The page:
Women’s Incontinence

What it is

The uncontrollable or involuntary loss of urine.


The loss of a small or moderate amount of urine during a cough, sneeze, laugh, or during exercise are signs of stress incontinence. Symptoms of urge incontinence include the sudden and frequent uncontrollable need to urinate.


Many believe incontinence is just part of the aging process, and something women have to deal with as they age. It’s not. In fact, research shows 28% of college-age athletes have incontinence. People also believe that using a pad, taking a prescription, or having surgery are the only options for treating incontinence – the reality is there are specific exercises learned through physical therapy that can effectively treat incontinence.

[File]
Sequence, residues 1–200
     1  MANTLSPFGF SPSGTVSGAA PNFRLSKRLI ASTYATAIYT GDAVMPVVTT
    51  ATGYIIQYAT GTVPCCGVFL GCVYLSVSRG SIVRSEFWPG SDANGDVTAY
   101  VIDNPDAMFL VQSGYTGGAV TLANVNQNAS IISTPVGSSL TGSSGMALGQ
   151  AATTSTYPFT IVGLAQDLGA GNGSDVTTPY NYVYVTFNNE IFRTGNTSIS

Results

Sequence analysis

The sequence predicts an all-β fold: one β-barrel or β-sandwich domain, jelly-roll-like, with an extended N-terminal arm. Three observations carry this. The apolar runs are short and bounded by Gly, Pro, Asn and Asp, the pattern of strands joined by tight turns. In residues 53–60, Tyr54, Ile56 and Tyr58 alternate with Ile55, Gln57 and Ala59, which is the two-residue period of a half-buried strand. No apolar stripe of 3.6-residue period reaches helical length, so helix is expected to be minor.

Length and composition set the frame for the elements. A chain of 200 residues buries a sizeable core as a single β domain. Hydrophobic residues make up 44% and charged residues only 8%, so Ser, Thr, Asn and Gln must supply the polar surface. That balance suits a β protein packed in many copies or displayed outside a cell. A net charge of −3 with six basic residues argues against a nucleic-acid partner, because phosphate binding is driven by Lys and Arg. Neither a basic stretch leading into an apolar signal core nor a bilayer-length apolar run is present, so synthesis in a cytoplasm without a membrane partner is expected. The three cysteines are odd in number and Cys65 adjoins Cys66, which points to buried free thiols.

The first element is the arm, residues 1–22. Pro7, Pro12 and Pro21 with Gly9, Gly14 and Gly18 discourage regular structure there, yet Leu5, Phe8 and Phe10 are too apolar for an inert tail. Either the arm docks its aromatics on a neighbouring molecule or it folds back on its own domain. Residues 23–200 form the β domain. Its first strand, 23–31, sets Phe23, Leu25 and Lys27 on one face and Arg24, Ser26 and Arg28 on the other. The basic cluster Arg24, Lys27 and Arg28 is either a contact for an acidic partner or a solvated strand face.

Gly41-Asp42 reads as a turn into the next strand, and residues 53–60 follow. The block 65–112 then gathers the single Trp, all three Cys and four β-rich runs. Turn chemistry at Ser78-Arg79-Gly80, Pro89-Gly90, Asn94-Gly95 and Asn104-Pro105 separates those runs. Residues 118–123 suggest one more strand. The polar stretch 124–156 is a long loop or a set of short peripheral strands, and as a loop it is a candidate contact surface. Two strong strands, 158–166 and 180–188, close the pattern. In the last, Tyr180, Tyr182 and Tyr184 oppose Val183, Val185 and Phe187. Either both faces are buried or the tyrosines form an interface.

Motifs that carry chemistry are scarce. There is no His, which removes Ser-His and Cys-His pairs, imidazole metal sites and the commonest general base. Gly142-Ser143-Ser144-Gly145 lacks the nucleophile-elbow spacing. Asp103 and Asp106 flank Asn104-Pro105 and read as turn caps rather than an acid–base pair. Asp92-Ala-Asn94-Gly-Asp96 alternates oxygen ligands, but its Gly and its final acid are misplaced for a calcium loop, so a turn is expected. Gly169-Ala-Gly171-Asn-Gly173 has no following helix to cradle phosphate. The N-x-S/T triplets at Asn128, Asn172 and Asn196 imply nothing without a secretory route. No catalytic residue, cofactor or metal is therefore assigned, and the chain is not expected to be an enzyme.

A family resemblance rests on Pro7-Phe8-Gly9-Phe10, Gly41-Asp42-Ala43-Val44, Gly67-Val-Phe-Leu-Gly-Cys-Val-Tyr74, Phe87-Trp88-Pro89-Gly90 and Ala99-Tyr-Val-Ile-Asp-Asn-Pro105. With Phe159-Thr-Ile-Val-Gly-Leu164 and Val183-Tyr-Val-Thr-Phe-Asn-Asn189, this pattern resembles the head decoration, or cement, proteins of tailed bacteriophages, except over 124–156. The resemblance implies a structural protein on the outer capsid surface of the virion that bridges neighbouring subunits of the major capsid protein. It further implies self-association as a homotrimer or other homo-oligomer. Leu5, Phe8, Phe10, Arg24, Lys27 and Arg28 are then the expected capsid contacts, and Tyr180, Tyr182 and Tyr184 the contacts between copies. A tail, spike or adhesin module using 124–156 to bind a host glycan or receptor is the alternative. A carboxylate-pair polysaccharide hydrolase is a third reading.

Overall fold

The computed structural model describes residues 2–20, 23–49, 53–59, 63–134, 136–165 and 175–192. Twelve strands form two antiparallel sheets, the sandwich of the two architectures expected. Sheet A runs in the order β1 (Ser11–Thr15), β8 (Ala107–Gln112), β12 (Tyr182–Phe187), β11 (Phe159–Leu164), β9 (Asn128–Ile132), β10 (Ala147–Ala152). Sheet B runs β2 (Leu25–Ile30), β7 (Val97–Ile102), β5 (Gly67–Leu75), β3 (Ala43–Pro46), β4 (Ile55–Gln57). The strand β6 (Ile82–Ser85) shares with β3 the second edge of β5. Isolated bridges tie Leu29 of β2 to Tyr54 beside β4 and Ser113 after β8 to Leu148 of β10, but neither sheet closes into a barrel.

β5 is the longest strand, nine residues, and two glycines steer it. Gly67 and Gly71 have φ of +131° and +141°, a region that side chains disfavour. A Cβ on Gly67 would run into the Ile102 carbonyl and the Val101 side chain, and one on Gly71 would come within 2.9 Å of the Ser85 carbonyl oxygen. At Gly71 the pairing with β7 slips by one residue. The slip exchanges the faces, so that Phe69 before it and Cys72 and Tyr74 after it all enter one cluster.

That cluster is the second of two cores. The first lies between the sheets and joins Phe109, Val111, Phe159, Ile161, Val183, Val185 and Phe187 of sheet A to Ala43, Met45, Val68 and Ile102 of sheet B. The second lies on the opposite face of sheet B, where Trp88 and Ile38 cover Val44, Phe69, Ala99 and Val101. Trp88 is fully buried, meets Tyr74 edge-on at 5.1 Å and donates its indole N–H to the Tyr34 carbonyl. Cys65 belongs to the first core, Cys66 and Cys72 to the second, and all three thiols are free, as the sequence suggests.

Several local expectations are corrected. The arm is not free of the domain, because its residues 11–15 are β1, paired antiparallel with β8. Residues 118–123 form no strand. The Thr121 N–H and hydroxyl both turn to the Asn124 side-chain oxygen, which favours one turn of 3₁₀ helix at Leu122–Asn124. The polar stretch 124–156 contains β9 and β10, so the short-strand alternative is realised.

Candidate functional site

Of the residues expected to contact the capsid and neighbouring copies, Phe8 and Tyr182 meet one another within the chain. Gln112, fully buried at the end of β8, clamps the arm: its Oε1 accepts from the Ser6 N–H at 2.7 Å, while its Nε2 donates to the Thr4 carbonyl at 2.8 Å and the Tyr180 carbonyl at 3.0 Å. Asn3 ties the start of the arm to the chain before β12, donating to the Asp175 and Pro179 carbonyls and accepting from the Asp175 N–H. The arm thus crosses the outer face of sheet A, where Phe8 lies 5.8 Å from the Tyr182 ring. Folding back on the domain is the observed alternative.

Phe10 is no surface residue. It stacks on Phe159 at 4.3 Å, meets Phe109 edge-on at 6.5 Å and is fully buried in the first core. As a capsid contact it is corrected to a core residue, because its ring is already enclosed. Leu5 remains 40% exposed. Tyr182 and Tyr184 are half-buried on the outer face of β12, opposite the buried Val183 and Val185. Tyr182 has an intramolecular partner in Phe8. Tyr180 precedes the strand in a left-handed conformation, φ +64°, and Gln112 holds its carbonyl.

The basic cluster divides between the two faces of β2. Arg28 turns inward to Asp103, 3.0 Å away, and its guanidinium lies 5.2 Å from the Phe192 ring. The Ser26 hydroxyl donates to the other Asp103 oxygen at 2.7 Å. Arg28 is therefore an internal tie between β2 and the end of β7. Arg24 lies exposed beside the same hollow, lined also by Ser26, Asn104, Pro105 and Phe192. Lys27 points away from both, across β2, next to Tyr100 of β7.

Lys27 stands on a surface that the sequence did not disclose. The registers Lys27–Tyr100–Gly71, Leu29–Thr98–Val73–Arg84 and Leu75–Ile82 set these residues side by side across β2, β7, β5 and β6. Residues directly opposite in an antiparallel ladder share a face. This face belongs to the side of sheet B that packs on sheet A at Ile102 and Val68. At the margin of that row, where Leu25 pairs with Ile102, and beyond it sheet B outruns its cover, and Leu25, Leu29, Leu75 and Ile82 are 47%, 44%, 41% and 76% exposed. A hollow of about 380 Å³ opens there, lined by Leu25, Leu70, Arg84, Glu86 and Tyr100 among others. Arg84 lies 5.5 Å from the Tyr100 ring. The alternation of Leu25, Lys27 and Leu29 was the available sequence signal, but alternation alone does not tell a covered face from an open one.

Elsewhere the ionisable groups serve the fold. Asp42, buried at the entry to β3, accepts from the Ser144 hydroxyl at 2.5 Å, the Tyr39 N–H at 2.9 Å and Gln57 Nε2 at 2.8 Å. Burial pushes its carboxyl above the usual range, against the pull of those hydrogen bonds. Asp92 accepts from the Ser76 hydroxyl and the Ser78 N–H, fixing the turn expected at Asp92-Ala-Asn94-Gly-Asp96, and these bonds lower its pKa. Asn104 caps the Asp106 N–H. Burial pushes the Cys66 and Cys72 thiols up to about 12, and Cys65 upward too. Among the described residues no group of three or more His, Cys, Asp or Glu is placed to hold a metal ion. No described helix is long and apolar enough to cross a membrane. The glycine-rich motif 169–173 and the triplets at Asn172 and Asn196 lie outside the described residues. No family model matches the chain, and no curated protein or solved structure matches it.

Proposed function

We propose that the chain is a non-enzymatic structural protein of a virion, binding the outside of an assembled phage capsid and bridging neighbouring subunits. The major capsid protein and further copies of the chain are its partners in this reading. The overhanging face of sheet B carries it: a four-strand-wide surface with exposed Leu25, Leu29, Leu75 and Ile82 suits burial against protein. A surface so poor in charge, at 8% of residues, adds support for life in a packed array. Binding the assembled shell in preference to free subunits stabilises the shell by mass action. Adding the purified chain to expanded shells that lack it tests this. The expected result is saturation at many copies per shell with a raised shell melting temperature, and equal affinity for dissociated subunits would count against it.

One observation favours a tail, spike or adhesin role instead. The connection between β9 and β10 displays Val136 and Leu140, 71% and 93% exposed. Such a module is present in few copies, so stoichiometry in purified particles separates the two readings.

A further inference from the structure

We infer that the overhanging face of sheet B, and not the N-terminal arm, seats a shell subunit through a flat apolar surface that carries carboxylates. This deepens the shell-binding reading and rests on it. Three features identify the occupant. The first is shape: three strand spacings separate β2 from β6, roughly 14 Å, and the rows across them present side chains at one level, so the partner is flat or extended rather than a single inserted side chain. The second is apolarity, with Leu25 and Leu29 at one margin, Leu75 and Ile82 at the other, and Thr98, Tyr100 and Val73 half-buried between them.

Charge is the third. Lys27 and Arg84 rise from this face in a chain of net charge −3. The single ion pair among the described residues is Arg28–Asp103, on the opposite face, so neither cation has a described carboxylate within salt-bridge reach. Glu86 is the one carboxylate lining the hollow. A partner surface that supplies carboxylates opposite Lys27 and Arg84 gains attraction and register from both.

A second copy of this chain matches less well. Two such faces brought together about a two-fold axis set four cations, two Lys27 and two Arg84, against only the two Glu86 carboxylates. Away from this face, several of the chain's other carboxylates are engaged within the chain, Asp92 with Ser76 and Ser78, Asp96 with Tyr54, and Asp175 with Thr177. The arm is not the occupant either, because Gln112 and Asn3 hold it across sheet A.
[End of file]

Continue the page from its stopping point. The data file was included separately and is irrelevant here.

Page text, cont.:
Pelvic Physical Therapy for incontinence may include specific exercises to strengthen weak pelvic floor muscles and retrain the bladder. These may include learning to perform Kegels properly, as well as other exercises, where patients are monitored using biofeedback equipment (similar to a heart rate monitor) to see if the pelvic muscles are being contracted correctly. The timing of pelvic muscle contractions is also important, and this is taught as well. And finally, additional techniques can be learned to help retrain the bladder for significant improvements in control and frequency reduction.